Forming Analysis: Automotive Sheet Metal Components

Forming Analysis: Automotive Sheet Metal Components

What is Forming Analysis?

Forming analysis is a process to evaluate the forming states and surface strain levels of sheet metal components after press forming. Before forming, the raw sheet metal blanks are marked using electro-chemical etching or laser marking, either with a regular circle grid or a dot pattern. During the forming process, the circles or dots are deforming with the surface of the blank and thus changing their shape into ellipses. After the forming process, the diameters of the ellipses are measured manually or automatically to determine the minimum (minor strain) and maximum (major strain) strain behavior. The orientation of the major and minor strain describes the forming state of the local surface.

Surface strain values are compared after the measurement with the Forming Limit Curve (FLC – see the curves in the diagrams below) in the Forming Limit Diagram (FLD). The FLC is a material parameter dataset which describes the maximum formability in relation to the forming state of a sheet metal material.

After Optimization

Before Optimization

Strain data values above the FLC are indicating overforming with a risk of failure of the sheet metal. If all data points are below the FLC, considering a certain safety margin, the forming process usually does not produce split parts.

Where is Forming Analysis used?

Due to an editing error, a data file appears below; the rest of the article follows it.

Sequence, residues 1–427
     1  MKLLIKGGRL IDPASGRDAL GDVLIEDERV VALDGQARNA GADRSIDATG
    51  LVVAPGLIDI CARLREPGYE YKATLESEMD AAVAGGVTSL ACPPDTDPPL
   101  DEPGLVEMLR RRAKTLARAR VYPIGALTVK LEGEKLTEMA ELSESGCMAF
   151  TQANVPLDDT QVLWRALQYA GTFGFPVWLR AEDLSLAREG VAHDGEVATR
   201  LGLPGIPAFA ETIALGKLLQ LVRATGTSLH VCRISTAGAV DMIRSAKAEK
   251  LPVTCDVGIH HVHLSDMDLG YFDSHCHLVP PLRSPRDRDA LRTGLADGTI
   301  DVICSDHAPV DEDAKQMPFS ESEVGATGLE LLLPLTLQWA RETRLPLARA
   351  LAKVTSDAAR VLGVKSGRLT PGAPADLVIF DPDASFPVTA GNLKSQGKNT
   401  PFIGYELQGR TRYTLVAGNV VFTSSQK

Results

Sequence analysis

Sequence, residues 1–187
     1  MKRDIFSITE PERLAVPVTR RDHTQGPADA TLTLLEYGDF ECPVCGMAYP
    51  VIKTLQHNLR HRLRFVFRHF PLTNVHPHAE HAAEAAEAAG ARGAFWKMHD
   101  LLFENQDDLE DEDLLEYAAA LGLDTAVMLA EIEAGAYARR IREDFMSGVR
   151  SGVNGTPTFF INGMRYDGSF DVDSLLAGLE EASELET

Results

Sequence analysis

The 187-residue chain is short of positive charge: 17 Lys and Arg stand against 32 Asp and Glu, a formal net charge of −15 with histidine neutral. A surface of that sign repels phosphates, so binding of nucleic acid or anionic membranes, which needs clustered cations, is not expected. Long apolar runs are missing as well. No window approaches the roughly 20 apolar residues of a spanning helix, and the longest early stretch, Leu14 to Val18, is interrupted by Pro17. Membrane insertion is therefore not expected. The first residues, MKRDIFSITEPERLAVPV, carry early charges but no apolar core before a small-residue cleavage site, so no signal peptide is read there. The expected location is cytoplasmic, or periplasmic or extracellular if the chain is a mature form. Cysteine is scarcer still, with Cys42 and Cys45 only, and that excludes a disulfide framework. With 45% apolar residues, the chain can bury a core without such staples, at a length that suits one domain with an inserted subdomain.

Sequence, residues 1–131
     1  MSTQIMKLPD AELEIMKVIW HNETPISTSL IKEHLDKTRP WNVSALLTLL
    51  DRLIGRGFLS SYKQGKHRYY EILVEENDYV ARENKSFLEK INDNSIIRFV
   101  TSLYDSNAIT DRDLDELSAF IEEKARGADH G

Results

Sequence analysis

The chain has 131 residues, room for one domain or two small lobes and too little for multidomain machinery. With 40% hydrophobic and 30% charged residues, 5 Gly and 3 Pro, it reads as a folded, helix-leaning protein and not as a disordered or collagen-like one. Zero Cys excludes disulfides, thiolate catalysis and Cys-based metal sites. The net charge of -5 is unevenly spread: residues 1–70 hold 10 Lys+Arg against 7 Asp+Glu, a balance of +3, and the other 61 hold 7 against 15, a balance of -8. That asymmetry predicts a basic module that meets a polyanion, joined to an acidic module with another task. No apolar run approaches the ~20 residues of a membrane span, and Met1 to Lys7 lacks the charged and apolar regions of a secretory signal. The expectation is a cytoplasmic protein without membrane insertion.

Sheet metal forming analysis is mostly used in the automotive industry during the development process of sheet metal parts, for tool try-out and in production troubleshooting.
During the development process of sheet metal parts, the above explained forming analysis is used to validate numerical forming simulations and to determine overforming and unwanted flow of the sheet metal blank inside the press tool. Wrinkling and the trend towards cracking can additionally be determined and evaluated.

During tool try-out, the shape of forming tools is iteratively optimized to produce the correct component shape. The forming analysis is used to validate that the forming process stays inside the formability limits of the selected material.

If split parts are produced during series production, the forming analysis serves to understand and solve the underlying production problems. Comparing the measurement from the split part and the master part before production shows tool wear and material problems.

How does the optical forming analysis system ARGUS work?

The forming analysis system ARGUS supports the optimization of the sheet metal forming process. For the automatic optical forming analysis, sheet metal blanks are marked with a regular dot pattern with 1 mm, 2 mm or 3 mm distance in between the dots, depending on the shape and radians of the part. After forming, the sheet metal component is recorded with the handheld ARGUS camera from different viewing angles. In all acquired images, 2D coordinates of all dots are mathematically derived and recalculated to 3D coordinates using photogrammetry principles.

The main result is a 3D point cloud, consisting of thousands of points, that represents the 3D surface of the sheet metal part. By evaluating the relative distance between the points and with a local plane strain tensor calculation, the principle strains (major strain and minor strain) and their corresponding directions are determined. The strain results are representing a full-field measurement result, as the measurement is carried out with thousands of measurement points. In the ARGUS software, the Forming Limit Curve (FLC) is automatically included together with the strain results in the Forming Limit Diagram (FLD), which supports an easy understanding of the forming analysis. With this measurement method, components with sizes of several centimeters as well as complete side walls of cars are analyzed successfully today.

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